A few thoughts that could help CHUH survive:
1. The clearest solution would be for state aid to be differentiated within a district based on how the money is used. State Aid for CHUH students who attend the CHUH school district may be funded at $3,300, but the state aid given to our district for EdChoice students should be $4,650 (K-8) or $6,000 (9-12). If this was also done for Petersen/Autism Scholarships as well then we would not have a funding crisis.
2. If application for income based vouchers were required before the traditional voucher was awarded, then there could be some relief to our district. It is impossible to know how much of a relief or if this would solve the problem.
3. Since we are a high poverty district (over 60% free lunch), then perhaps if there were some protections in place for funding the students we serve, then funds could be used from the EdChoice Expansion to fund remaining students. Or, the district could be reimbursed through the EdChoice Expansion budget.
For instance, if the number of vouchers given through an EdChoice designated home school were capped based on its enrollment, then additional applicants could be funded through the expansion.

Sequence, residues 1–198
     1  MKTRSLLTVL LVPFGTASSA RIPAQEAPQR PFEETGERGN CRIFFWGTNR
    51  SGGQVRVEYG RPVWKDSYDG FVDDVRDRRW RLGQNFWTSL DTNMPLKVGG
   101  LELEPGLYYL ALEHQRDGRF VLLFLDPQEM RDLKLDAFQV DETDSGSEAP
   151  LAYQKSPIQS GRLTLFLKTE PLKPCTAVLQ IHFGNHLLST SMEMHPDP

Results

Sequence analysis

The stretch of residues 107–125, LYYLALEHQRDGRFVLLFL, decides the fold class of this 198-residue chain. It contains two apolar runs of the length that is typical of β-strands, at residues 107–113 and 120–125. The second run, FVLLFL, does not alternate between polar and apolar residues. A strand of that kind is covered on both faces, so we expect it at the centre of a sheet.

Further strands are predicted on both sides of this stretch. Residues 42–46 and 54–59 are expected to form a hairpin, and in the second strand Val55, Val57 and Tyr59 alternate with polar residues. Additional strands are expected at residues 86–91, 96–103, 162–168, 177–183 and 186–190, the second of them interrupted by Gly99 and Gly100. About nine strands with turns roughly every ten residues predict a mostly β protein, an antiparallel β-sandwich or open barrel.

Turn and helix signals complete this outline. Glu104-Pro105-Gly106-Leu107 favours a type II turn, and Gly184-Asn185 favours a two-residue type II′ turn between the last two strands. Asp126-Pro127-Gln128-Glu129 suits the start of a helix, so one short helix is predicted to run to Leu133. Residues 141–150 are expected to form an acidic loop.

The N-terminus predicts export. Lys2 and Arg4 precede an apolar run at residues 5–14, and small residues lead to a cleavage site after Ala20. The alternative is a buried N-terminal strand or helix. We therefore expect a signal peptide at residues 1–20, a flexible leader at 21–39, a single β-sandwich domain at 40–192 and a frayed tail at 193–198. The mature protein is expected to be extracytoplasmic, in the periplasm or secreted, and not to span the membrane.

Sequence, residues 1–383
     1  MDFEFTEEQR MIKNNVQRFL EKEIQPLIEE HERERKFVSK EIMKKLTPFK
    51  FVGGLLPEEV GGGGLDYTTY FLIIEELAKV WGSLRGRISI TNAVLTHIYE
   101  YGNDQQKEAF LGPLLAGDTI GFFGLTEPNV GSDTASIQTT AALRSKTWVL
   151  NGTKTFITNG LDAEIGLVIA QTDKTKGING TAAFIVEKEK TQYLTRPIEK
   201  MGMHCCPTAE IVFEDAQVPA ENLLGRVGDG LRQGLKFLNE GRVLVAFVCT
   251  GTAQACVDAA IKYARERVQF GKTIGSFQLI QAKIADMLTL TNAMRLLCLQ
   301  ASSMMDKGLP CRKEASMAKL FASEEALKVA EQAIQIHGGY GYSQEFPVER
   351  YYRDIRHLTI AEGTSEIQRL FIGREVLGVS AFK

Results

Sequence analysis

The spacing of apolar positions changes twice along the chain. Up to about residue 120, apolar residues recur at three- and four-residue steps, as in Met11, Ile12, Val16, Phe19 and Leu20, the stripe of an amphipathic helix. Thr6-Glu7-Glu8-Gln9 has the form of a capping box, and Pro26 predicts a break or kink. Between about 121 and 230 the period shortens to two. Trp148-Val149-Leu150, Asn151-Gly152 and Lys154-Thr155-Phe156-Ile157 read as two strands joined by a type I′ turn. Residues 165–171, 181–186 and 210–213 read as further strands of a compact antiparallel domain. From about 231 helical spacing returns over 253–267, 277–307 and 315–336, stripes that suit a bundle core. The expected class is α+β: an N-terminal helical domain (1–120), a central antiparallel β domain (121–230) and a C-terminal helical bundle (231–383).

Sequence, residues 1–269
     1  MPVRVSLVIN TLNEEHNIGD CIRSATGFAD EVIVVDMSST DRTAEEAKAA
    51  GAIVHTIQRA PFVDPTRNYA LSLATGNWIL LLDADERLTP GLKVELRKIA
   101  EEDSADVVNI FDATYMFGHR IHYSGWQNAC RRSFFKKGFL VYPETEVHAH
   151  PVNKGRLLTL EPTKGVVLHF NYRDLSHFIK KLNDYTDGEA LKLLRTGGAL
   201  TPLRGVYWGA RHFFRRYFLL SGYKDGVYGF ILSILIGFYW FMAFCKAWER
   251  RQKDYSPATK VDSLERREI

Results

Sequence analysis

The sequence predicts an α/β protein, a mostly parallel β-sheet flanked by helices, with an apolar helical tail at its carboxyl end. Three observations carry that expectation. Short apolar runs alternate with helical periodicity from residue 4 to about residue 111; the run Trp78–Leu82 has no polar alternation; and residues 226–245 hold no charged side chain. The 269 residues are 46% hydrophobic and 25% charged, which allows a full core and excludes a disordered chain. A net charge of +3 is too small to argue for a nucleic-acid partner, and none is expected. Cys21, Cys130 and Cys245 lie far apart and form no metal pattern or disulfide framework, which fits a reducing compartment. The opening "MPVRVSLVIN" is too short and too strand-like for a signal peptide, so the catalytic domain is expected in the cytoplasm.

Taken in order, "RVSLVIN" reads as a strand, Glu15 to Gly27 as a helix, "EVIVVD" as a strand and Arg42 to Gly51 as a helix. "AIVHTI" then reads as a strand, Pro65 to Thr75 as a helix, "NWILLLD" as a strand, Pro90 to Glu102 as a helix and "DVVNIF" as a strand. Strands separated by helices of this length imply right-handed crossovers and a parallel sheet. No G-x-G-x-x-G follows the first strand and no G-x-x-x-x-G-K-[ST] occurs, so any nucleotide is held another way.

The first 10% of the designated school’s population would be funded as it is. Above the 10% of the would be funded through EdChoice Expansion.
No family loses its scholarship, the district still loses, but at least there is a predictable cap to our loss.
4. Since CH-UH residents are disproportionately using EdChoice Scholarships, then another possible way to assist would be to determine each EdChoice designated school’s maximum number of awards based on the percentage of students enrolled per school compared to the total number of students enrolled in all Ohio’s EdChoice eligible schools. After a maximum is reached for a school, then if the district is considered high poverty, funds for additional scholarships would be awarded through EdChoice Expansion.
5. The bigger problem is that there is no predictability to how much state aid we will be receiving in any given year. If we have more students with disabilities identified or more students using Petersen/Autism Scholarships we have little left over for our general education population. We can’t control how many identified students there are in any given year, just like we cannot control how many students will be going to parochial schools in any particular year. There should be a cap on the state deduction so that it does not tip the balance towards the students who need to be served by our public schools. We propose the district gets reimbursed for money deducted from our state allocation over 10%.
6. The fairest solution by far would be to adopt the concept in Cupp Patterson that equalizes all districts in terms of deductions by having a separate funding stream for all vouchers, charters, and scholarships. In this way CHUH would need not be an exception in terms of funding, merely a district with a diverse population.